Week 3 - Recognizing and Combatting Cybercrime
As technology advances, the impact of cybercrime is becoming more costly and frequent. Law enforcement, government, industry, and individual citizens all play a vital role in mitigating adverse impact to our schools, communities, and personal well-being. Incidents ensue through every day ‘phishing’ emails masked behind trusted sources, in infected websites that unknowingly capture personal information when entered, and as persuasive links that lock files until a ransom is paid. Week 3 focuses on the signs of criminal intent through technology and what individuals can do to detect and prevent cybercrime.
Learn to recognize phishing attacks in emails or websites. These can infect your machine with malware and viruses in order to collect personal and financial information. Cybercriminals attempt to lure users to click on a link or open an attachment that infects their computer with viruses or malware, creating vulnerability to attacks. Phishing emails may appear to come from a real financial institution, e-commerce site, government agency, or any other service, business, or individual. The email may also request personal information like account numbers, passwords, or Social Security numbers. When users respond with the information or click on a link, attackers use it to access their accounts.
The following messages, from the Federal Trade Commission’s OnGuardOnline, are examples of what attackers may email or text when phishing for sensitive information:
"We suspect an unauthorized transaction on your account. To ensure that your account is not compromised, please click the link below and confirm your identity."
"During our regular verification of accounts, we couldn't verify your information.Please click here to update and verify your information."
"Our records indicate that your account was overcharged. You must call us within 7days to receive your refund."
To see examples of actual phishing emails, and steps to take if you believe you received a phishing email, please visit http://www.IRS.gov/uac/report-phishing.
- When in doubt, throw it out: Links in email and online posts are often the way cybercriminals compromise your computer. If it looks suspicious – even if you know the source – it’s best to delete or, if appropriate, mark it as "junk email." Contact the company or individual directly (via phone) to be sure the email is not legitimate.
- Think before you act: Be wary of communications that implore you to act immediately, offer something that sounds too good to be true, or ask for personal information.
- Use stronger authentication: Always opt to enable stronger authentication when available, especially for accounts with sensitive information including your email or bank accounts. A stronger authentication helps verify a user has authorized access to an online account. For example, it could be a one-time PIN texted to a mobile device, providing an added layer of security beyond the password and username. Visit lockdownyourlogin.com for more information on stronger authentication.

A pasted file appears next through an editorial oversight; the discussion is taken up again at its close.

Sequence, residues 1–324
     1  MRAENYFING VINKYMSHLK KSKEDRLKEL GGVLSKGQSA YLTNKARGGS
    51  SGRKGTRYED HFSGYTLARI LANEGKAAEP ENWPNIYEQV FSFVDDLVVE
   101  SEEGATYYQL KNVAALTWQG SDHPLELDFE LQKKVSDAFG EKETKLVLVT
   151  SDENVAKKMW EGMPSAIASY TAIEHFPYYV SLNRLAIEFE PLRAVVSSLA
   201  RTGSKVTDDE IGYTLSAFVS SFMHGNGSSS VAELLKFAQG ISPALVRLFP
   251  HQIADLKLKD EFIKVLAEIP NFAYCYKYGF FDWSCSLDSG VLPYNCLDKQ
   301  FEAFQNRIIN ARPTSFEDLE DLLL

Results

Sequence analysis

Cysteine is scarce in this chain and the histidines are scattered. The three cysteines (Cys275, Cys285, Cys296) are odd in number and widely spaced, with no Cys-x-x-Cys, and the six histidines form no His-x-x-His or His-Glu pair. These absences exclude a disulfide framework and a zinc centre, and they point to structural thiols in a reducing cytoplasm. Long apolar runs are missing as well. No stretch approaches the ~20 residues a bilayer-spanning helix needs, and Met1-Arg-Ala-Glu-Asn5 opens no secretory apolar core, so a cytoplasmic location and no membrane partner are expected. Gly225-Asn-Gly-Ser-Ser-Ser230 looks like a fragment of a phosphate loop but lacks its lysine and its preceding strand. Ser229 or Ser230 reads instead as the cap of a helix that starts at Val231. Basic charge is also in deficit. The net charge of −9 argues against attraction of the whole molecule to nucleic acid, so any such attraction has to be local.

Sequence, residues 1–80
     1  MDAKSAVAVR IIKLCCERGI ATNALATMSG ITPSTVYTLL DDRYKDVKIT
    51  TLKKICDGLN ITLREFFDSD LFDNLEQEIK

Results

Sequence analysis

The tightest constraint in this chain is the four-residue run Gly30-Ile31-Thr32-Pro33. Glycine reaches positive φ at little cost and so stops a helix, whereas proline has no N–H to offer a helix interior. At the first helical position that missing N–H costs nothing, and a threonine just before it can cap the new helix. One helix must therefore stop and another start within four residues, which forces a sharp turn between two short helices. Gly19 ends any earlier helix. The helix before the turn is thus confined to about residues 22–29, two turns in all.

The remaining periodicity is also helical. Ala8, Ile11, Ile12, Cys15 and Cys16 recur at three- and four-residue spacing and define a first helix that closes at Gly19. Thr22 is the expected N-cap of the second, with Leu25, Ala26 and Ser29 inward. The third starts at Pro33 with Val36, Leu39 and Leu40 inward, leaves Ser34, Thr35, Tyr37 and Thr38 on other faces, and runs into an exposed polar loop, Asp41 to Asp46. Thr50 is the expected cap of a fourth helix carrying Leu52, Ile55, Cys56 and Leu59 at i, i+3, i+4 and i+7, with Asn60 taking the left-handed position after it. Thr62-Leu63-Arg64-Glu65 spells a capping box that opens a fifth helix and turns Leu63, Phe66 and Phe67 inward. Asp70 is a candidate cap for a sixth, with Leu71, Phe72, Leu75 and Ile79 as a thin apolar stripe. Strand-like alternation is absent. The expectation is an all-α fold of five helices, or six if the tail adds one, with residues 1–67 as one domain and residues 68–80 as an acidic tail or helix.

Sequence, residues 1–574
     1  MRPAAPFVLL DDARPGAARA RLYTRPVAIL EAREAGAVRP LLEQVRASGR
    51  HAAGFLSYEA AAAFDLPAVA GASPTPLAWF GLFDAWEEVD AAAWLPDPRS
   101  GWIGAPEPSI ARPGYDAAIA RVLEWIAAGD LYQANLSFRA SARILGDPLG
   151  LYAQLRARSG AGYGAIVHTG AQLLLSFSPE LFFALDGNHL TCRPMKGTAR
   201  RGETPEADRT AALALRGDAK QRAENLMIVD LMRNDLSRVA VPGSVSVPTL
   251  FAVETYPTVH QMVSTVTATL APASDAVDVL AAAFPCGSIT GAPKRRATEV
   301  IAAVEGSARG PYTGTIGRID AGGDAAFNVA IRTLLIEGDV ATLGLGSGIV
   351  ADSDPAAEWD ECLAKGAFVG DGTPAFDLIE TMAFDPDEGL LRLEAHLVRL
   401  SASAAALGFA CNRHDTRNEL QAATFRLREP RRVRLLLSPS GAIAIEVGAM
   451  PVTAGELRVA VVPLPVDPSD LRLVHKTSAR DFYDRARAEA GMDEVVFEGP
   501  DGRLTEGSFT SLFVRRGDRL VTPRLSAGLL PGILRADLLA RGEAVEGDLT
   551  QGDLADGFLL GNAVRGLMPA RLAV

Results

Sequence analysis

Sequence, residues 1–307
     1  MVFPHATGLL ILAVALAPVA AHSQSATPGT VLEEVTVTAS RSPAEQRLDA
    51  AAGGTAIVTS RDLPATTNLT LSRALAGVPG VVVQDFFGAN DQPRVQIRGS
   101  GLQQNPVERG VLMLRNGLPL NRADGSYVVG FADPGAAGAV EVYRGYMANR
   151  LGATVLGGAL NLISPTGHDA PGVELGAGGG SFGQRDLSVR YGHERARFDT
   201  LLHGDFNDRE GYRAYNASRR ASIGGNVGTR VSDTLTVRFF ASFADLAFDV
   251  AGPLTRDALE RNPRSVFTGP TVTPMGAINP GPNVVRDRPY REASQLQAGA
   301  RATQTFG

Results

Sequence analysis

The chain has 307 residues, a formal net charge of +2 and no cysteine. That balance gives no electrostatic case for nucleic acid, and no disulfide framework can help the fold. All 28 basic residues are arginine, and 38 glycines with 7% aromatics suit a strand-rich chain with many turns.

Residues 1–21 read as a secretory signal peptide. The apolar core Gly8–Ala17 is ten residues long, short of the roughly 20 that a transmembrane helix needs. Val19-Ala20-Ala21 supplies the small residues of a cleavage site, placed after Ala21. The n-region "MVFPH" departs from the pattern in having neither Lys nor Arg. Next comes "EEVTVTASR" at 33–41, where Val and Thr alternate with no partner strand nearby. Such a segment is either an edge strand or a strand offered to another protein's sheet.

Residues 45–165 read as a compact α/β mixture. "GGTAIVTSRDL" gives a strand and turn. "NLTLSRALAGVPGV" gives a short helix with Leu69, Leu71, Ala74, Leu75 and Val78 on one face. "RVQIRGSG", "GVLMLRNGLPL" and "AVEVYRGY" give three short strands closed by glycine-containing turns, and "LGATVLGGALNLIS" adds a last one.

- Make passwords long and strong: Combine capital and lowercase letters with numbers and symbols to create a more secure password.
- Unique account, unique password. Create unique passwords for each account. Keeping separate passwords for every account helps thwart cybercriminals.
- Guard your personal information: Keep Social Security numbers, account numbers, and passwords private, as well as specific information about yourself.
- Install and update anti-virus software: Make sure all of your computers are equipped with regularly updated antivirus software, firewalls, email filters, and anti-spyware.
- Be wary of hyperlinks: Avoid clicking on hyperlinks in emails; type the URL (web address) directly into the address bar instead. If you choose to click on a link, ensure it is authentic before clicking on it. You can check a hyperlinked word or URL by hovering the cursor over it to reveal the full address.
REPORTING A CYBERCRIME
As we spend more time online, crimes that previously occurred face to face – like credit card fraud, identity theft, and harassment – now occur online as well. By reporting cybercrime to the appropriate authorities, you can play a role in making the Internet safer and more secure for all.
Resources Available to You
Once you discover that you have become a victim of cybercrime, immediately notify your local authorities to file a complaint. Keep and record all evidence of the incident and its suspected source. Below is a list of the government organizations that you can file a complaint with if you are a victim of cybercrime.
Report computer or network vulnerabilities to US-CERT via the hotline (1-888-282-0870) or the website (www.us-cert.gov). To report phishing attempts to US-CERT, forward phishing emails or websites to US-CERT at firstname.lastname@example.org.
Report fraud to the Federal Trade Commission at www.ftc.gov/complaint, if applicable. Report identity theft at www.IdentityTheft.gov, the government’s free, one-stop resource to help you report and recover from identity theft.
If you are a victim of online crime, file a complaint with the Internet Crime Compliant Center (IC3) at www.ic3.gov. IC3 is a partnership between the Federal Bureau of Investigation (FBI) and the National White Collar Crime Center (NW3C).
If you believe someone is using your Social Security number, contact the Social Security Administration’s (SSA) fraud hotline at 1-800-269-0271. For additional resources, visit the SSA at http://oig.ssa.gov/report-fraud-waste-or-abuse.
Additional information to help you stay safe online: